Bayes Centre

AI Inside

OpportunityMatch demonstrates how AI algorithms widely available today can be used “under the hood” to deliver value – but also what their limitations are.

Baye s- AI 3


OpportunityMatch is a good example of the kind of software developers can build nowadays using readily available “off-the-shelf” AI algorithms. Behind the scenes, it uses thousands of text documents from the University’s database of research outputs to train a “semantic model” using machine learning methods that allows us to compare searches (which are also simply documents) to these documents.

This is achieved by converting every document to a so-called “embedding”, which is a point in a multi-dimensional space, in such a way that the distance between any two points would be smaller, the more similar they are in terms of their “content”. Of course, the algorithm has no real “understanding” of what the documents or the words in them mean – it simply assumes that, in statistical terms, words more closely related to others appear more often close to each other in pieces of text. For example, “cat” would be closer to “dog” than to “house”, simply because other words like “animal” appear more often in documents that talk about cats and dogs than they do in documents about houses.

Like many other AI-based systems used to process language and text, the similarity model (the mapping from documents to points) is learned from data using a technique called deep neural networks. These are networks of simple mathematical functions whose output depends on the weights between them, and these weights are adjusted when they are being trained with data samples until their produce the desired output. A good analogy for   this is a network of interconnected water pipes with valves on them, where you have several streams of water with different pressure coming in, and you want to re-distribute the water to several output channels at desired pressures – the weights are the settings of the valves that you need to get right to produce the correct “output”.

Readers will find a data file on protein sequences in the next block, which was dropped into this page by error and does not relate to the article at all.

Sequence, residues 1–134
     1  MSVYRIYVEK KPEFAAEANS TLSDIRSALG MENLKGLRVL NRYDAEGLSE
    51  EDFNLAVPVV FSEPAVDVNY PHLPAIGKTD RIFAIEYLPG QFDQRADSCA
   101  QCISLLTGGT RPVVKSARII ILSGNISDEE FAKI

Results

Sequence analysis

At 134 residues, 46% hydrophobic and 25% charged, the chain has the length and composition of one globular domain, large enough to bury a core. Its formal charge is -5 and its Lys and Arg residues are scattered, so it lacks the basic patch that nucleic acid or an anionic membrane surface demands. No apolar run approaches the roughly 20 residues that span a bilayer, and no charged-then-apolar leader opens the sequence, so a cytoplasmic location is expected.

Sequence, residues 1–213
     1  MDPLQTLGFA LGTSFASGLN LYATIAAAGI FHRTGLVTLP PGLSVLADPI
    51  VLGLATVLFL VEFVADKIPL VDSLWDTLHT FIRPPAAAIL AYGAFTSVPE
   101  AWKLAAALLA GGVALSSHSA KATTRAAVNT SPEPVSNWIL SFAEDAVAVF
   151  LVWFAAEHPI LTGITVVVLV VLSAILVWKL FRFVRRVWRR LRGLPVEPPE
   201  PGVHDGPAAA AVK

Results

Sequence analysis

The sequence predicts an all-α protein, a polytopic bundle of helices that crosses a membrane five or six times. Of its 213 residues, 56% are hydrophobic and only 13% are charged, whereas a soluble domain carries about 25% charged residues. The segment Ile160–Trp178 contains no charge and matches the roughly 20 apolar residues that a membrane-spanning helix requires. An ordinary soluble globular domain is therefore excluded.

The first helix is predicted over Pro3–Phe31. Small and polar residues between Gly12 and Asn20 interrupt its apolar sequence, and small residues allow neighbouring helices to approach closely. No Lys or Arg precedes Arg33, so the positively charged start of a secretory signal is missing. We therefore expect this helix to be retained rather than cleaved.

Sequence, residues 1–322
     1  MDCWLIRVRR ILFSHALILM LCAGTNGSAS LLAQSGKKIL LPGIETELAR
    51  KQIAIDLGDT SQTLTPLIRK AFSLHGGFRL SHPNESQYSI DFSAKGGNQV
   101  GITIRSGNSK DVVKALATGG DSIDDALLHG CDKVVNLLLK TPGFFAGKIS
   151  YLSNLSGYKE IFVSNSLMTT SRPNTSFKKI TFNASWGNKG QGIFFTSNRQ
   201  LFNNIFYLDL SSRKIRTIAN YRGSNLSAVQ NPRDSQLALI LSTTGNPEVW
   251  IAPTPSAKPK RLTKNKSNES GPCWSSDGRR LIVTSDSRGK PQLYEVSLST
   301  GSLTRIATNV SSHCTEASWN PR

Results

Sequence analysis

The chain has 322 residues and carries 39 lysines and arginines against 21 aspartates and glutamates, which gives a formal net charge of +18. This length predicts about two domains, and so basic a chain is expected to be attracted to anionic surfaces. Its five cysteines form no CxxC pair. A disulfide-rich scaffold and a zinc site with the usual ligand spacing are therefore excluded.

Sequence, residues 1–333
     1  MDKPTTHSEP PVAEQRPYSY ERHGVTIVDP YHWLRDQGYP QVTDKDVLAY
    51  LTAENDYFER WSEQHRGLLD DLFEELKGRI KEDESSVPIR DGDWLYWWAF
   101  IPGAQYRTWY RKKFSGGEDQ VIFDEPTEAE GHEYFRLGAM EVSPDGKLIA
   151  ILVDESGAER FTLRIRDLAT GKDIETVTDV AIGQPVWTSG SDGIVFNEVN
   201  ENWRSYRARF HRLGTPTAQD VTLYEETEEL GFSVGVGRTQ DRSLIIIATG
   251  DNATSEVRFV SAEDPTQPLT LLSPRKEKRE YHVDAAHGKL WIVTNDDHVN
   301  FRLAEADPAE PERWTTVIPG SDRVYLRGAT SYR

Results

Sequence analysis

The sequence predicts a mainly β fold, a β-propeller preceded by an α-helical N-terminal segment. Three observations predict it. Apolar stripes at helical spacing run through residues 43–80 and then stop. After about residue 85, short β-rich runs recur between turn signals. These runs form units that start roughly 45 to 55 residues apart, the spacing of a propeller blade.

No real human understanding of the documents is fed into OpportunityMatch – its models are trained simply from the documents using a statistical approach, i.e. it is purely data-driven. Like many other contemporary AI systems, it is therefore not capable of answering any more complex questions, or explain its results – it is simply trained to perform a single function. Nonetheless, this produces a substantial advantage over a simple word-by-word comparison or documents, which would only be able to find documents if the keywords entered in a search have exact matches in those found in the documents.

One can argue that this bears some (very limited and small) resemblance to human intelligence – a human would certainly be able to detect a publication that takes about “rare feline diseases” would be a relevant result for somebody looking for “unusual cat illness”.

OpportunityMatch also demonstrates a common pattern among software apps that use AI nowadays, in that a lot of non-AI functionality is needed to power the application, and only some elements of it are powered by AI. As in the case of our application, this sometimes involves no development of new AI methods. In fact, we built the entire system within a month using only open source software, and the fact that so many of these software components are now readily available explains the flurry of AI-based tools appearing for all kinds of applications.